Two trade associations have filed a joint amicus brief in a federal appeals court in Chicago, arguing that the Illinois Zero Emissions Credit (ZEC) program unlawfully discriminates against natural gas and undermines competitive wholesale power markets.

On Tuesday, the Natural Gas Supply Association (NGSA) and the American Petroleum Institute (API) urged the U.S. Court of Appeals for the Seventh Circuit to reverse a lower court ruling to dismiss a legal challenge to block Illinois from implementing the ZEC program.

Specifically, the U.S. District Court for the Northern District of Illinois, Eastern Division, dismissed a lawsuit filed by the Electric Power Supply Association, Dynegy Inc., NRG Energy Inc. and Calpine Corp.

The plaintiffs argued that the ZEC program infringes on the Federal Energy Regulatory Commission’s exclusive authority to regulate wholesale power markets.

“If allowed to stand, the district court’s decision would allow Illinois and other states to enact laws that change the wholesale rates received by electric generation suppliers participating in organized wholesale electricity markets, favoring uncompetitive in-state nuclear generators with subsidies, while discriminatorily depressing the prices received by other suppliers, with the express intention of protecting in-state industry and favoring one fuel source over another,” NGSA and API said in their joint filing.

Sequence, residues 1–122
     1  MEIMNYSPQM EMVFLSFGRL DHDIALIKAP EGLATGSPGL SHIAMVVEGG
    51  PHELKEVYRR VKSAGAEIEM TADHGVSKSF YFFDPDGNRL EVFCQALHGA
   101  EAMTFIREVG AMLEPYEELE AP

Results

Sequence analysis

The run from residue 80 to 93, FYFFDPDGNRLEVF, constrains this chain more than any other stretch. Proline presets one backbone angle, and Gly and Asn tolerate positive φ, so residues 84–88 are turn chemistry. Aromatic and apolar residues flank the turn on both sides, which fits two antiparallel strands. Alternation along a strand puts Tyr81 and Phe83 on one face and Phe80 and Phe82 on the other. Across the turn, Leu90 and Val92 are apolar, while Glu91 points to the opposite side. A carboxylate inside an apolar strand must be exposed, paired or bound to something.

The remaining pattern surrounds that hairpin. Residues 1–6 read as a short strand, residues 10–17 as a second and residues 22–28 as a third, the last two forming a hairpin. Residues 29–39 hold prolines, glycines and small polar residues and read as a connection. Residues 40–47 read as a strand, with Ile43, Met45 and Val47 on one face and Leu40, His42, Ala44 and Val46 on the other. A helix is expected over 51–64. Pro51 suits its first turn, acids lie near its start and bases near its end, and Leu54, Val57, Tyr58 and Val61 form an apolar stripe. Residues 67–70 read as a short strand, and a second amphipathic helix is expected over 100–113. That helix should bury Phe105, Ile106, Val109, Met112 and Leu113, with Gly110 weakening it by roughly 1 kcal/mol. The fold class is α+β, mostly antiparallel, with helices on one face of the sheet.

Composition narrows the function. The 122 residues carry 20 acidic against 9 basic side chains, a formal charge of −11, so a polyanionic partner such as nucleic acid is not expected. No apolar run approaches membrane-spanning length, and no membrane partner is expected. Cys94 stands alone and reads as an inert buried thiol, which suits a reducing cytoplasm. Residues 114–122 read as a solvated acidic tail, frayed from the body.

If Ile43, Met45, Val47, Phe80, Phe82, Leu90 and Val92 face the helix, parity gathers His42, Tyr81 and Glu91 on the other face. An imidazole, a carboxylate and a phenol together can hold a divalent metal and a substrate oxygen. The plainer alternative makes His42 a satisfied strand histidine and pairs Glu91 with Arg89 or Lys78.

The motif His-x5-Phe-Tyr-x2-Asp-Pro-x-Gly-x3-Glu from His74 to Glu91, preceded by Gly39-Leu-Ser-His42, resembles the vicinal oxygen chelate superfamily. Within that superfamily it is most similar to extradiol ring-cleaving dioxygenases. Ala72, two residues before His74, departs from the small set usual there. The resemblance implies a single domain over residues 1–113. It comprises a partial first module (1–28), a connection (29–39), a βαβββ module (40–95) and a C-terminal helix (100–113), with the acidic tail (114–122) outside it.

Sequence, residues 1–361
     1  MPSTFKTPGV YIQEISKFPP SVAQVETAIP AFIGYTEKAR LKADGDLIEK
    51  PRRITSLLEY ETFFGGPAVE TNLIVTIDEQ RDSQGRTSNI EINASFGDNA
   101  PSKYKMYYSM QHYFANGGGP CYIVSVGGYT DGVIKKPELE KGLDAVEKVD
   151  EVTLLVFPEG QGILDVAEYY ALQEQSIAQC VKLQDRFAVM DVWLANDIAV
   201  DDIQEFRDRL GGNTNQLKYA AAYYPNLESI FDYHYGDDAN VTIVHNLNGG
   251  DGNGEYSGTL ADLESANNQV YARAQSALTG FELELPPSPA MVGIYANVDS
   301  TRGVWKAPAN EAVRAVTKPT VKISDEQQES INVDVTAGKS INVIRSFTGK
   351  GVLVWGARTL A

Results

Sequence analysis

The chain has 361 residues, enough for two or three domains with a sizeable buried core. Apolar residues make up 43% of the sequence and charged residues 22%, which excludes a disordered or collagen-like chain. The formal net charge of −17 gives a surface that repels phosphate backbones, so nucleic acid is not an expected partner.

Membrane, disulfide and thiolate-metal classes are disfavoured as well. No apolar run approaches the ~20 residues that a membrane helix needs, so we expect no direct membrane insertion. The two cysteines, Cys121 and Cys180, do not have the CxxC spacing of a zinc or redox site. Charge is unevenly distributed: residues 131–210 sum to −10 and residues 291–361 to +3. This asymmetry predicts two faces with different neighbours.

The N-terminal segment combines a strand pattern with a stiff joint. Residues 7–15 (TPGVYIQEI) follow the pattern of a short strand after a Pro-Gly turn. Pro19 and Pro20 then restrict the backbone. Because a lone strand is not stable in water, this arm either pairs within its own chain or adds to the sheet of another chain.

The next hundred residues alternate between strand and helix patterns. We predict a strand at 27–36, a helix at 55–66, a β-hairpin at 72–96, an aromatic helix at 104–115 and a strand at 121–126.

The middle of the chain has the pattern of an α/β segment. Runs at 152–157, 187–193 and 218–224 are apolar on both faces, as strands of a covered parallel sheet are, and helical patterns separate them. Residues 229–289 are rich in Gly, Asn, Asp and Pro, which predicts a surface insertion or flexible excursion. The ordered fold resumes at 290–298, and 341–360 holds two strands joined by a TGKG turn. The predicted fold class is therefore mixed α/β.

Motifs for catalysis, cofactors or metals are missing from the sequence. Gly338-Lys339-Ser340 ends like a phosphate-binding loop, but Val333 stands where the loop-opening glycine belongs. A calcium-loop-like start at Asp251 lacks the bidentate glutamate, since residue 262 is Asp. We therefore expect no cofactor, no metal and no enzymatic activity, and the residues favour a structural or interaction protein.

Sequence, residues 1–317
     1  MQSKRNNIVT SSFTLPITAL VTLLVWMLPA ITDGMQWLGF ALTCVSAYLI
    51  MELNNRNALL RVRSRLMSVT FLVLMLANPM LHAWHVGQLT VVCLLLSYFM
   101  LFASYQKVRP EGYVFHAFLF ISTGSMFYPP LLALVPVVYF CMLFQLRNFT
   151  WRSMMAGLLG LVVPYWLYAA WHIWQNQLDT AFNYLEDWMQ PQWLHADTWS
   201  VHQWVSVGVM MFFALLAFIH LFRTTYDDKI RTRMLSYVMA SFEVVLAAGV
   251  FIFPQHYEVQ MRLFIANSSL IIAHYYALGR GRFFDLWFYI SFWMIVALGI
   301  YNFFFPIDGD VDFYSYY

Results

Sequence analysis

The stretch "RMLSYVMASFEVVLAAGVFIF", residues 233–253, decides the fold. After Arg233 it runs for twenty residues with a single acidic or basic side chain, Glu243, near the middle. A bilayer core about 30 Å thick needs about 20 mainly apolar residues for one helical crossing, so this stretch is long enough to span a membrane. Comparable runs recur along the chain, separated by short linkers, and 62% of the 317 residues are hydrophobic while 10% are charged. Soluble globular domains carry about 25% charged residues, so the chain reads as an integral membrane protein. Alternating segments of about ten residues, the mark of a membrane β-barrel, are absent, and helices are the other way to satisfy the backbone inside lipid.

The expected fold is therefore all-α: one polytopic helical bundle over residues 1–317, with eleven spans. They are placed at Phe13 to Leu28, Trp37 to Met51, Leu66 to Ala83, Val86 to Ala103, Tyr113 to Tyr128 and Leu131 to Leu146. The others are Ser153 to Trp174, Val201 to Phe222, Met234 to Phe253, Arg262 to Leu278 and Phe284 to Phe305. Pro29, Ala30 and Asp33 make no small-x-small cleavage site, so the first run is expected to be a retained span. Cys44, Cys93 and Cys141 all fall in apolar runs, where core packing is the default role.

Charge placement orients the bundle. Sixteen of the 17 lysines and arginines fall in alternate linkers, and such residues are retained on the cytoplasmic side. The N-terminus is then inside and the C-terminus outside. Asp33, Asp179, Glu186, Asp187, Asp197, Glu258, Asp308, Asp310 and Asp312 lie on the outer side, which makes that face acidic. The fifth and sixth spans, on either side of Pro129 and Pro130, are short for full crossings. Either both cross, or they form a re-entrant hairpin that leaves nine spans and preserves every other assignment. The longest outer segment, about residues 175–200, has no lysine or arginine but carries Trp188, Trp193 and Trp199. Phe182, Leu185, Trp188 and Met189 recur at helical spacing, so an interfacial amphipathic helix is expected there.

The associations said Connecticut, New Jersey, New York, Ohio, and Pennsylvania were considering enacting programs similar to ZEC. “The district court’s decision would throw open the door to an ever-growing patchwork of discriminatory intervention in wholesale markets.”

NGSA CEO Dena Wiggins said the ZEC program “is not only discriminatory, it would have serious adverse consequences for the efficient and unbiased functioning of the nation’s energy markets.”

Illinois Gov. Bruce Rauner signed the Future Energy Jobs Act (FEJA) into law last December. FEJA authorized the Illinois Power Agency to award ZECs to electric utilities.